In long-awaited court action, all charges were finally dismissed against Kenlissia Jones, the African-American Georgia woman who had been arrested based on the claim that she had used medication she obtained online to terminate a pregnancy. Pregnancy Justice, a national nonprofit legal advocacy organization, provided substantial legal assistance to Ms. Jones and her criminal defense lawyer.
This case raises significant issues in light of President Trump’s commitment to overturning Roe v. Wade, the appointment of Neil Gorsuch to the U.S. Supreme Court, and repeated claims by anti-choice organizations that they do not support punishment of women who have abortions. Despite these claims, no anti-choice organization opposed Ms. Jones’s arrest or any one of many such arrests documented by Pregnancy Justice.
In June 2015, after seeking medical assistance, Ms. Jones was arrested and held without bond on the charge of “malice murder,” based on the claim that by using the medication misoprostol in an effort to have an abortion at home, she had caused the death of her fetus.
Following intense media attention, the Dougherty County prosecutor concluded that same month that there was in fact no legal authority in Georgia for charging a pregnant woman with the crime of murder for having terminated her own pregnancy. Although she was released from jail and the murder charge was dropped, Jones still faced a misdemeanor charge of “possession of a dangerous drug” despite the fact that this medication is used safely around the world to address a wide variety of obstetric and gynecological health care needs, including the treatment of postpartum hemorrhage and the safe termination of pregnancy.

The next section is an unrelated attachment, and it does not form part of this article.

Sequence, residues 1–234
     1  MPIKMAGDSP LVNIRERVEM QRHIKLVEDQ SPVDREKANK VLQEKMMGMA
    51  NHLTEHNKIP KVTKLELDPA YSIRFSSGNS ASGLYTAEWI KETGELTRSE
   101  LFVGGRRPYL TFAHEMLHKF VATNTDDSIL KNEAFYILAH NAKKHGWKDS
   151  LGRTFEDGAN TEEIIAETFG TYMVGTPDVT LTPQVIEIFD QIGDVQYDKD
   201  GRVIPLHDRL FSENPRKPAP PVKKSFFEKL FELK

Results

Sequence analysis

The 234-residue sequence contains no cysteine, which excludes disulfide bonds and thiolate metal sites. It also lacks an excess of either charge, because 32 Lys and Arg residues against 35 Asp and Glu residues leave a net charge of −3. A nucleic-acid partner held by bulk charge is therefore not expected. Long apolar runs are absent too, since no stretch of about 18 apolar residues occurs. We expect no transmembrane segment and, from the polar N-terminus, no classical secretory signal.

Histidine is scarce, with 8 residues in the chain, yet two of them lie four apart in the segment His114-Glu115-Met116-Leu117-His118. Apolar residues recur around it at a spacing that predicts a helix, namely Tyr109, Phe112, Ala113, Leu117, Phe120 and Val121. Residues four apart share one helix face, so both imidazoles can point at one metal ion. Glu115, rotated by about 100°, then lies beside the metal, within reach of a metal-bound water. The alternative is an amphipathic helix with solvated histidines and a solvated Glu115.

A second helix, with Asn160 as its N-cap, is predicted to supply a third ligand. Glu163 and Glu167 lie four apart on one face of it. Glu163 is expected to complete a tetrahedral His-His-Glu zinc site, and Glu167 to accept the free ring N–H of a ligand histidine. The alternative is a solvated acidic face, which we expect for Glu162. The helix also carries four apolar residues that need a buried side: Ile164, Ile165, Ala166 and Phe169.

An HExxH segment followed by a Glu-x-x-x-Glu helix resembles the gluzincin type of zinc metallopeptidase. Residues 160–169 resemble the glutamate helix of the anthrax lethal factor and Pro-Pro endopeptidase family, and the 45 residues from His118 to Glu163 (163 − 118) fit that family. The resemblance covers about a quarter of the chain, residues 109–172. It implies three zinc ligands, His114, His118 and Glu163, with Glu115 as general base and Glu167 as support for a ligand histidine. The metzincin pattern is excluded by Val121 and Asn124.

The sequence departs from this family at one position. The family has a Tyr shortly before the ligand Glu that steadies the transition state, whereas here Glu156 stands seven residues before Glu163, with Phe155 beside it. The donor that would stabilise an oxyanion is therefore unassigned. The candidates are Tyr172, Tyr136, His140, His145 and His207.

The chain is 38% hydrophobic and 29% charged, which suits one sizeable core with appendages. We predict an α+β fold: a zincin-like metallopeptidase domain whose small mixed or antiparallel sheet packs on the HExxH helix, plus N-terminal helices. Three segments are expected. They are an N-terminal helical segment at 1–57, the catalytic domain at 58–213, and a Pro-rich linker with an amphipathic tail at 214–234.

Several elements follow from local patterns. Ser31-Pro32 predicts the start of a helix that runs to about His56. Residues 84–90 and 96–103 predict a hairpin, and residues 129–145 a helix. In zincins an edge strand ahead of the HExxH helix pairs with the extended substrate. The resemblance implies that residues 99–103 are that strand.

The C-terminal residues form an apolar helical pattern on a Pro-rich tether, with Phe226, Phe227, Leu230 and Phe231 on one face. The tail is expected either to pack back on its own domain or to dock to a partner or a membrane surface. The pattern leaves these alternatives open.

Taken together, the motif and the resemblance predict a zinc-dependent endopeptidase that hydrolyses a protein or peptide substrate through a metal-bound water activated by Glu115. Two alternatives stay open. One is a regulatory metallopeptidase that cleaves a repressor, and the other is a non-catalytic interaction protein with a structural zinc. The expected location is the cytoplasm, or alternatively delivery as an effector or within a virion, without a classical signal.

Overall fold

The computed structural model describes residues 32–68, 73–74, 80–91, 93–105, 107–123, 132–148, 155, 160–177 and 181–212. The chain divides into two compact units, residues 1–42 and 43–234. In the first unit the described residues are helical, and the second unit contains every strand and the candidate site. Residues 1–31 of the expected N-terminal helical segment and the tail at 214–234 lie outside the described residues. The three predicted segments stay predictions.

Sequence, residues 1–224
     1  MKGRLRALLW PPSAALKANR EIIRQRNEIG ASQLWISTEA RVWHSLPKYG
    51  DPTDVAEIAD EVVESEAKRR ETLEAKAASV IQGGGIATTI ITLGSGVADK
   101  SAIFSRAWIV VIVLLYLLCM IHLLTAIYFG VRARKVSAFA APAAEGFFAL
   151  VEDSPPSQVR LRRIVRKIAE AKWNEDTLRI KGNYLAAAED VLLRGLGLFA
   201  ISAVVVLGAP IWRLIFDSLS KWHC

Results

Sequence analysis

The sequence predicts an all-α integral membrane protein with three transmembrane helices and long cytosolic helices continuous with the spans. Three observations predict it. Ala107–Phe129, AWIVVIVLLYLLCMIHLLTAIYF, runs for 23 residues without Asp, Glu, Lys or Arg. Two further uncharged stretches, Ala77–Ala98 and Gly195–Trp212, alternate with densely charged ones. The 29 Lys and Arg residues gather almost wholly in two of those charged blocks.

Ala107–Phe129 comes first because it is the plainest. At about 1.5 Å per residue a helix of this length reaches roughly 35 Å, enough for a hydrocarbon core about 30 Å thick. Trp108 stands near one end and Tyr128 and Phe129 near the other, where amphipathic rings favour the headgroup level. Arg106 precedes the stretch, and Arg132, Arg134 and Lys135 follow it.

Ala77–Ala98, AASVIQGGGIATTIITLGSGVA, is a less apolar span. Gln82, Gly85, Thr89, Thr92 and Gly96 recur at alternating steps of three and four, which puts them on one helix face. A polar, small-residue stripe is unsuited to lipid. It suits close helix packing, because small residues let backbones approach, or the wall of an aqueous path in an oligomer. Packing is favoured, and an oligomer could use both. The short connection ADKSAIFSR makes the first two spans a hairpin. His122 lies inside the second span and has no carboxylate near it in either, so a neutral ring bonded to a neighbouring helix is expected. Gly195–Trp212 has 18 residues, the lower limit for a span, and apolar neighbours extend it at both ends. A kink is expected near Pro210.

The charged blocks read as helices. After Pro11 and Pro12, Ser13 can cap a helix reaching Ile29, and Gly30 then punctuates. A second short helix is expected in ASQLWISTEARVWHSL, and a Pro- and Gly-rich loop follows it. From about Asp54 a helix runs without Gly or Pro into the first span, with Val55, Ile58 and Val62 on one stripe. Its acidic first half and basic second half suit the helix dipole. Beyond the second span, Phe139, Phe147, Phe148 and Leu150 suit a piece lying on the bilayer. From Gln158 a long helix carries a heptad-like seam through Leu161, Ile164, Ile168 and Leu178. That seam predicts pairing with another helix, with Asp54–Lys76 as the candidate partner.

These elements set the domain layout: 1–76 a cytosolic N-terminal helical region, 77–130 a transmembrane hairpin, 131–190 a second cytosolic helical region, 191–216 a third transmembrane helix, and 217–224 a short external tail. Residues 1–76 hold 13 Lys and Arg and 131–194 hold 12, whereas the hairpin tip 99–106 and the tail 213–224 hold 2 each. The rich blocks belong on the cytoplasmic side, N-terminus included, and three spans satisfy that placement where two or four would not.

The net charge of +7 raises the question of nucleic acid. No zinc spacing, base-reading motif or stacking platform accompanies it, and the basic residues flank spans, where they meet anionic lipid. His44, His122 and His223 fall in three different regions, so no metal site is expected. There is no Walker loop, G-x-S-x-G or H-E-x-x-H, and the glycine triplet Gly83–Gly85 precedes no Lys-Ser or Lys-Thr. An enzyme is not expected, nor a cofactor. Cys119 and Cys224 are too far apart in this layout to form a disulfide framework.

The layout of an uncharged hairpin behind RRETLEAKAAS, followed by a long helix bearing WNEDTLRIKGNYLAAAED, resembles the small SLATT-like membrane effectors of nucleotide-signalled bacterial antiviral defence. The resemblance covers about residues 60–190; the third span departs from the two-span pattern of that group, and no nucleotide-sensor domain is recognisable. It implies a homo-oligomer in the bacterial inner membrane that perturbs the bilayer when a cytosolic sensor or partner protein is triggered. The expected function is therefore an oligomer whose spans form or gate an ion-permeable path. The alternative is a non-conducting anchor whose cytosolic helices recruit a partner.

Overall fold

Ms. Jones experienced clear violations of her constitutional rights including the right to medical privacy, and then endured arrest, detention, and denial of medical care. Even after her release from jail on the murder charge, the threat of a conviction and imprisonment hung over her for nearly two years while her legal advocates pressed motions to dismiss the possession charge.
Ms. Jones only learned ten months after the court took action that the charge of possession had been dismissed in May of 2016 at the request of the Dougherty County prosecutor. The prosecutor had filed papers seeking dismissal of the case, saying “to go forward would require extensive litigation and almost certain appellate action for a relatively minor misdemeanor.” It appears that neither the prosecutor nor the court notified Ms. Jones or her counsel.
Ms. Jones’ arrest and prolonged ordeal demonstrates that it is not just the right to abortion that is at stake but the right to be free from punishment through a criminal justice system that is extremely punitive, often dysfunctional, and overwhelmingly unable to secure justice for low-income people and people of color.